“We’ll always have enough technicality to appeal to the tech fans, but we’re a simpler equivalent” explains the frontman. “I’m not worried about that at all. You’ve got your Born of Osiris and Periphery’s and they do their thing and have a lot of bands trying to copy that, but that can’t do it as well (as they do). We do take a portion of that sound, but then mix it with a Killswitch vibe, and with a touch of Acacia Strain or Hatebreedy stuff.
“With the technical side, a lot of bands lose the purpose of the “song” for the purpose of being technical. But then it can go too far the other way with bands who just have a chorus, and the song becomes far too throwaway. We balance that.”
Graham has already mentioned an insistence on ensuring a live, organic feel to this album, and it is with the live arena in mind that several of the songs were constructed. “We did that with this one, yes”, he confirms. “Songs like ‘Deadweight’ and ‘Shade’, we probably wouldn’t omit from the live set, so we wanted to think of songs that would fit nicely with those songs, but without copying them. You have to pace yourself too.”
And the band are aware of the increased demands live, considering the developments on record. “Steve’s doing more backing vocals and stepping into new territory. He’s got a really good screaming voice, a real proper gruff Scott Kelly smoking through a rubber tube voice, which is wicked, Carl can sing too, but it’s a confidence thing with him as he’s so used to just playing his guitar”, Graham adds.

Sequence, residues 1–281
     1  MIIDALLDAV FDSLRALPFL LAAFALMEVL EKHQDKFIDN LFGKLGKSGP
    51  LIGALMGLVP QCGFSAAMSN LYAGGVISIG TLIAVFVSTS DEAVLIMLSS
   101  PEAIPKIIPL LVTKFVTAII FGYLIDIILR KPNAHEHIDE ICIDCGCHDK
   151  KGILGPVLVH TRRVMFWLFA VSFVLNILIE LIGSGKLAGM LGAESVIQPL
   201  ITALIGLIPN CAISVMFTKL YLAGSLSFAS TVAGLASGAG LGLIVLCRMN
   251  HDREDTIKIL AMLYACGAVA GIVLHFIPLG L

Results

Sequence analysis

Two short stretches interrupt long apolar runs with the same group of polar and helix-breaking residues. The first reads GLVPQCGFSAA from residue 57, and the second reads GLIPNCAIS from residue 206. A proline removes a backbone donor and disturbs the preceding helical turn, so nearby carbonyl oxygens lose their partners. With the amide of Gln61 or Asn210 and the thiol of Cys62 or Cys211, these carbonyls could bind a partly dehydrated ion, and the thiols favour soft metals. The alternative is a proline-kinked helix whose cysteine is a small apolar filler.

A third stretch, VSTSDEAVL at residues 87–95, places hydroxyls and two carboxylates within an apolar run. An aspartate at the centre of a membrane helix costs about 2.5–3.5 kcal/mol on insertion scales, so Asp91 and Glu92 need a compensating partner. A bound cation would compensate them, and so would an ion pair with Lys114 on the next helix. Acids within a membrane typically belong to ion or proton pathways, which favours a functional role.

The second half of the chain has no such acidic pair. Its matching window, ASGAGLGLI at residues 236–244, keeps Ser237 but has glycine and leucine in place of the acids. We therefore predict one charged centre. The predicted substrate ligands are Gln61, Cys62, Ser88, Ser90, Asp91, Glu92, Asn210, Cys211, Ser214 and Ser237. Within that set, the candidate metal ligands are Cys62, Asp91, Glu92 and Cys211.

Heart Of A Coward 2015
Deliverance is a maelstrom of modern metal that bridges the age gap within the HOAC ranks. With Graham’s own introduction to metal being Machine Head’s ‘Death Church’ as a mate slipped him Burn My Eyes (Roadrunner), Side B first, to Metallica, Guns N’Roses and then Deftones, it’s no surprise of the diversity flecking the spectrum of HOAC, as Deliverance supplies ragers, groove metal, djent, jagged Gothenburg riffs and modern metal songs with depth and character.
“I like most that it’s got dynamics, and more variety, but it doesn’t lose focus” concludes Graham. While each band spouts their current album is their defining moment, ‘tricky’ album three has proved just that moment for Heart Of A Coward. “I’m really proud of that. A lot of bands struggle on album three to not repeat themselves and whatever big hits they‘ve had before and whatever’s worked for them before, and tend to exploit that too much. Or the opposite, and they veer off in a direction that alienates the whole fan base.
“We’ve straddled both and we’ve paved the way for the next album to be a logical evolution. We know where we want to go with it all, now.”